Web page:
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At the end of 2008, I wound up a good sized engagement as its program manager, and went on vacation. When I showed up at work after that – I had an awesome oportunity waiting for me. A short term gig – A project that needs an extra pair of hands to work on some CRM planning application.


I started my career as an ABAPer, and then moved on to some functional areas, BI, SEM etc. All through – my weapon of choice when trouble hit me, was ABAP. Don’t know how some functionality works in IMG – hey put a ‘/h’ and debug it.  Can’t make allocations work with standard SEM functionality – code an exit function….you get the idea. But as time progressed, although I continued to keep tab of all design activities in my projects – I hardly got a chance to write any code myself.


Then along comes this new gig – and the moment I got the requirements, it has been flashing on my mind “the only way out is to code”. Now, I do have expert programmers in this project, people whose skills are definitely more current and better than mine in the subject. However, I couldn’t help trying out the coding by myself, albeit with a limited intention : to get a prototye working so that some one can build a good production application out of it later.


So with all the confidence in the world, I opened up the function builder and started to code. Now, I was a darn good ABAPer when it was my full time job. I used to pride myself that I can write a whole program without ever doing a syntax check (actually a naive game that we used to play in those days –  with associated bragging rights as the prize). While I did expect my ABAP to be rusty – I sure did not expect to find that most of what I typed was declared OBSOLETE by the compiler. You know, when I left ABAP – it was legal to say “data itab like blahblah occurs 0 with header line”..and classes and methods were things that  were only used by developers in SAP labs.


Any way, I did find how to write the code the “modern way”, with lots of SDN help. I did not find much difficlty with the algorithm itself – guess it is like driving. Once you learn it – you probably can do it later, even if you have had a gap in between. In about a day’s time – I could make the application work in BPS. It was amazing – the sheer joy of watching the final program compiling and executing flawlessly – it gave me a huge boost, the type I never get in my regular job these days.


When I was a full time programmer, I used to have this weird problem –  Code will start showing up in my dreams, and I will single step through it – and sometimes it will go into infinite loops and I will panic and wake up from sleep. My family used to make a lot of fun of me. Thankfuly, I have not relapsed into that stage this time – at least not yet.


Well – that is it. I will offload the actual development to an expert this week. Hopefully he won’t make much fun of me after seeing the code. This experience has set me thinking. A lot of people I know – briliiant configurators and programmers, are doing “management” roles now. Most of them excel in management and they seem to like it too. I am planning to ping them and see if they would ever like to go back to their “roots” one more time . I have a sure they will get a kick out of it – like I did.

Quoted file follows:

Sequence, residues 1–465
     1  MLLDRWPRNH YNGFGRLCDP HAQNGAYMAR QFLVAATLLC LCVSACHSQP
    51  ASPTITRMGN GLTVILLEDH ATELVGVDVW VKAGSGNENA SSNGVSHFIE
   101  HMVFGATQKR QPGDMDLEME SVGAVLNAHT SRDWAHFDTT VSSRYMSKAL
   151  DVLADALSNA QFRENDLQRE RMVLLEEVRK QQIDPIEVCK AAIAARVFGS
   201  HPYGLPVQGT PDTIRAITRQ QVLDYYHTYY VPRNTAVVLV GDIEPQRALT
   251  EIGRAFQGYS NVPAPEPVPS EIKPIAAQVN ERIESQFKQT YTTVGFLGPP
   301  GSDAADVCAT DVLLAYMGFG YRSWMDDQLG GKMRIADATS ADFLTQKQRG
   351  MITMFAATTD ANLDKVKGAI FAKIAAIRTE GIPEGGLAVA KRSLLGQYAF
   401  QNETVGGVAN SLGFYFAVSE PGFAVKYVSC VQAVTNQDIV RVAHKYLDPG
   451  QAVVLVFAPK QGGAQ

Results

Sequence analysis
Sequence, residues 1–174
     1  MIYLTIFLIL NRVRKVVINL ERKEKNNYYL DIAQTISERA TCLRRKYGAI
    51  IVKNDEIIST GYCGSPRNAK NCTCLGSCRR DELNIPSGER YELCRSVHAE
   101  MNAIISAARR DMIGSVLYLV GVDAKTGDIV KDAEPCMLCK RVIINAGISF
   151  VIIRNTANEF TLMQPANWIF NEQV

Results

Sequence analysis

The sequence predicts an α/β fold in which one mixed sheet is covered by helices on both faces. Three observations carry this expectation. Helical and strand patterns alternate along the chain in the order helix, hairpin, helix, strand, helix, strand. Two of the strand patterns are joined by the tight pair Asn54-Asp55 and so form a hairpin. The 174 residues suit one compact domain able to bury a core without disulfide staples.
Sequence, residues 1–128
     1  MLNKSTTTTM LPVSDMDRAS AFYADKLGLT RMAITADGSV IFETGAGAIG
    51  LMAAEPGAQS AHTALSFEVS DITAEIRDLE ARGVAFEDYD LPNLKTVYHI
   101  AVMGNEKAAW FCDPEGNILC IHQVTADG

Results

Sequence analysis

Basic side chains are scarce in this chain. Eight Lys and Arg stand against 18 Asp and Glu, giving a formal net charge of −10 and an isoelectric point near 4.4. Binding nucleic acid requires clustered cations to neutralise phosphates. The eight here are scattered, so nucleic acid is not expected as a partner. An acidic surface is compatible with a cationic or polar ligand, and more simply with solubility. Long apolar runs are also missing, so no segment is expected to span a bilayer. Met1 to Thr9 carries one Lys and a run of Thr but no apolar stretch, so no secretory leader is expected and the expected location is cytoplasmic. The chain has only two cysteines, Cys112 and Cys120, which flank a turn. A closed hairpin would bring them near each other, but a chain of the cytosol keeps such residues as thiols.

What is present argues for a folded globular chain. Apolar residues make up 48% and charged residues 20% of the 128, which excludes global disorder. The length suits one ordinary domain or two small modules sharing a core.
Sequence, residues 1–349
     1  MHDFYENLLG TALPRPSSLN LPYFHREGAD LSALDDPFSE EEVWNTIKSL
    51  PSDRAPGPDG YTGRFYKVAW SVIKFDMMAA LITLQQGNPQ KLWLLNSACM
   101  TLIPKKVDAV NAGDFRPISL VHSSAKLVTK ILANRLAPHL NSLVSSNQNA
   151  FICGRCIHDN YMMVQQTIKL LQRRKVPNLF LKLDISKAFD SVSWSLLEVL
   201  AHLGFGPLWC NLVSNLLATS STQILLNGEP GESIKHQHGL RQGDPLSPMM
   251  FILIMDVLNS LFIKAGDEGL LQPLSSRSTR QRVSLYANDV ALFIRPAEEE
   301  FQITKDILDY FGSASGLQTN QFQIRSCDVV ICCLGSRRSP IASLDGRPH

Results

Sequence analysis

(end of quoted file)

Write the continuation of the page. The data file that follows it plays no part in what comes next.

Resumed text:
I will most probably go back to my regular job as soon as I finish this assignment, but I have made a note to myself. I will definitely do some development myself in every assignment – something small at least. It is too good to miss out – and hey I don’t want any compiler ever telling me that what I wrote is OBSOLETE. I am not THAT old.

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  1. Marilyn Pratt
    I got a chuckle out of this and can relate.  One of the things I did when I began to work with the content strategy of the ABAP pages here a few years ago was to upload a document that consolidated those changes.  I was glad to pull these out of extended new language notes and help documents as they had confounded many.
    I believe these were described in the newer books by Horst Keller. What I particularly found useful was explanations of “why” these are obsolete keywords.
  2. Bhavesh Kantilal
    Well Vijay, suffice to say, you are not the only one. When none of my codes work; and it happens once a while; I get irritated, frustrated and mostly grumpy with myself.

    And almost always I wake up in the middle of the night, with the solution staring at my face and a programmer that I am at heart; I end up coding at the 3 in the morning all excited!

    Great post!

  3. Stephen Johannes
    Your comment is very true especially even if you switch from doing heavy duty custom coding and only do user exit/small fragment type work.

    I stop doing dialog programming for about a year or two and then had to build a new transaction with a simple ALV grid.  I had to grudgingly go back to to remember what options were necessary to get things going.

    Take care,


    I still face these “obselete” frowns from ABAP  even after 10 years of experience.   Maybe change is one thing people cannot accept so easily. Even though I knew there are lot of changes like objects/oops, my hand goes on to key in tranditional decade old ABAP and then realise after the compiler kicks me out.
    Your old friend

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